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Four D+Q Winter 2021 titles among The Beat’s most anticipated

The 75 Most Anticipated Graphic Novels for Winter 2021

The Beat    |    Nancy Powell    |    February 2, 2021

Red Flowers

Yoshiharu Tsuge leaves early genre trappings behind, taking a light, humorous approach in these stories based on his own travels. Red Flowers ranges from deep character studies to personal reflections to ensemble comedies set in the hotels and bathhouses of rural Japan. There are irascible old men, drunken gangsters, reflective psychiatric-hospital escapees, and mysterious dogs. Tsuge’s stories are mischievous and tender even as they explore complex relationships and heartache. It’s a world of extreme poverty, tradition, secret fishing holes, and top-dollar koi farming.

Tono Monogatari

Shigeru Mizuki―Japan’s grand master of yokai comics―adapts one of the most important works of supernatural literature into comic book form. The cultural equivalent of the fairy tales of the Brothers Grimm, Tono Monogatari is a defining text of Japanese folklore and one of the country’s most important works of literature. This graphic novel was created during the later stage of Mizuki’s career, after he had retired from the daily grind of commercial comics to create personal, lasting works of art. Originally written in 1910 by folklorists and field researchers Kunio Yanagita and Kizen Sasaki, Tono Monogatari celebrates and archives legends from the Tono region. These stories were recorded as Japan’s rapid modernization led to the disappearance of traditional culture. This adaptation mingles the original text with autobiography: Mizuki attempts to retrace Yanagita and Sasaki’s path, but finds his old body is not quite up to the challenge of following in their footsteps. As Mizuki wanders through Tono he retells some of the most famous legends, manifesting a host of monsters, dragons, and foxes. In the finale, Mizuki meets Yanagita himself and they sit down to discuss their works.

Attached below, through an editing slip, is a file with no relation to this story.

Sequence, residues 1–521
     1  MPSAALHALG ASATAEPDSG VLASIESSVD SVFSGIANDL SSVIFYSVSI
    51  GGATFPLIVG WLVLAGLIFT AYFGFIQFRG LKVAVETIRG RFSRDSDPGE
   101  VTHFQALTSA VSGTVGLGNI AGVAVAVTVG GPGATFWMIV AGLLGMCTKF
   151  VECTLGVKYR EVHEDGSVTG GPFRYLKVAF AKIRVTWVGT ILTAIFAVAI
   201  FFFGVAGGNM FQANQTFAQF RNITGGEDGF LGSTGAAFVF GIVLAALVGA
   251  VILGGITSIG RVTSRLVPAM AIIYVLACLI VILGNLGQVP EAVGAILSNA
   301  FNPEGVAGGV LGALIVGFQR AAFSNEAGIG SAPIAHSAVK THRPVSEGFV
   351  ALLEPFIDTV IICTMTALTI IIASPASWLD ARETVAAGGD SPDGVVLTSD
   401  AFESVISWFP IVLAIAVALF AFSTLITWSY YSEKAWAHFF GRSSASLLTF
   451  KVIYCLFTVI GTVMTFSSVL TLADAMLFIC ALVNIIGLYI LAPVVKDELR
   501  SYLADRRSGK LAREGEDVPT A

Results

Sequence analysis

Billionaires

In Billionaires, Darryl Cunningham offers an illuminating analysis of the origins and ideological evolutions of four key players in the American private sector―Amazon founder and CEO Jeff Bezos, media mogul Rupert Murdoch, and oil and gas tycoons Charles and David Koch. What emerges is a vital critique of American capitalism and the power these individuals have to assert a corrupting influence on policy-making, political campaigns, and society writ large.

Heaven No Hell

In the past ten years, Michael DeForge has released eleven books. While his style and approach have evolved, he has never wavered from taut character studies and incisive social commentary with a focus on humor. He has deeply probed subjects like identity, gentrification, fame, and sexual desire. Each of these stories shows the inner turmoil of an ordinary person coming to grips with a world vastly different than their initial perception of it. The humor is searing and the emotional weight lingers long after the story ends. Heaven No Hell collects DeForge’s best work yet. His ability to dig into a subject and break it down with beautiful drawings and sharp writing makes him one of the finest short story writers of the past decade, in comics or beyond. Heaven No Hell is always funny, sometimes sad, and continuously innovative in its deconstruction of society.



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